Should you give homeless people money? The nation was well and truly divided last week after Gloucester City Council released new posters questioning the appropriateness of giving money to people on the streets. The poster, which is headlined “Are You Really Helping Homeless People?”, has offended many with its implications that not all those that are on the streets are genuinely homeless. The poster goes on to suggest that people wanting to help should donate to charities and report their concerns to StreetLink.
As the leading homeless charity in Southend we wanted to reassure you that our biggest concern is for those that we support; people sleeping rough can often feel invisible, but a quick chat, and some food (if they’re hungry), can help improve self-esteem, which could be a crucial step towards a new life away from the streets. However, as with all aspects of life, caution must always be applied when approaching a stranger. Homelessness can be very traumatic and is often a symptom of a deeper issue. This is why the support that we provide at HARP to help people with their wider issues is so important to help people overcome homelessness for good. It is through the provision of a wide range of professional services that we are able to successfully support people to move back to independence which is why your continued support is so important.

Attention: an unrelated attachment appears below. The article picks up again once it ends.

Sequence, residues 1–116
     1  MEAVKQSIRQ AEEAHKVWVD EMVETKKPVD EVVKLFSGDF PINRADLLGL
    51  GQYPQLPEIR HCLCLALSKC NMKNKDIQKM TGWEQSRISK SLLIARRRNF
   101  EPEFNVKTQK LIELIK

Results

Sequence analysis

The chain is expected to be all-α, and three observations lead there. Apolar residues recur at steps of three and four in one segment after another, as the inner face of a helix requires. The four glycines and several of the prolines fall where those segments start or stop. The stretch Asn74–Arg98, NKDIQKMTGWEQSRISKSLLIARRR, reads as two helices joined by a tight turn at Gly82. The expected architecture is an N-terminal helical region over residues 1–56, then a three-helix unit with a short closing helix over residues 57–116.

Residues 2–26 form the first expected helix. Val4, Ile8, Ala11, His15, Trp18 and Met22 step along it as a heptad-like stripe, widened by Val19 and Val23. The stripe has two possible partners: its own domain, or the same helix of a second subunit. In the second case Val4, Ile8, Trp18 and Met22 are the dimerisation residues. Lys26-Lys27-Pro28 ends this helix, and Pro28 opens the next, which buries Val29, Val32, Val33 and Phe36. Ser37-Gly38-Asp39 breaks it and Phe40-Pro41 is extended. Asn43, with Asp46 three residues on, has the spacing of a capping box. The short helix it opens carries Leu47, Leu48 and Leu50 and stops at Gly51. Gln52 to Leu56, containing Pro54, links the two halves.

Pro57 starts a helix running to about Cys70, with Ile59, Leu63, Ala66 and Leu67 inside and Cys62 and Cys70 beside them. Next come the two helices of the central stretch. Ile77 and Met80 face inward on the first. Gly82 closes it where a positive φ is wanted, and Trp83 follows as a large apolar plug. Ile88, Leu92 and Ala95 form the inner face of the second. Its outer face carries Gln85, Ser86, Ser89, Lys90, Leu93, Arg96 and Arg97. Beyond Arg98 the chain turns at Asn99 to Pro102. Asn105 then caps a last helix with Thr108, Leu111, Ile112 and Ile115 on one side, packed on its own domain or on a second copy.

For more information from our perspective about what to do when approached by a rough sleeper or someone asking for money, why not read our full guide Don’t Just Walk By.
HARP support over 1,000 people a year, all of whom are either homeless or at risk of being homeless, and we provide over 60,000 meals each year, this includes a cooked breakfast for rough sleepers which is available at our day centre in York Road. Here, rough sleepers also have access to shower facilities, a clean change of clothes, an opportunity to see a nurse or attend a self-help group, plus meaningful activities, rehabilitation and most importantly, someone who cares. Plus, you can be rest assured that we spend all the donations we receive wisely and responsibly to ensure they stretch as far as possible and meet the needs of those in crisis.
So is it okay to give money to a homeless person? That’s completely your choice, but in our experience what people need is real change, not loose change. Showing care and compassion to those in crisis is a wonderful thing to do; but please be careful and remember that not everyone that asks for money is homeless, and not everyone that is homeless is out on the streets asking for money.
For around the cost of just five shop bought coffees you could help to fund a night in our emergency accommodation and also help us provide the professional support that we know keeps people away from a life on the streets for good. John, who is turning his life around with HARP recently told us “giving a pound to someone on the streets may ease your conscience, but giving someone some time and courtesy can make a bigger difference. If you want to help, support the charity that can give genuine help; help the people that help homeless people. HARP have been a lifeline.”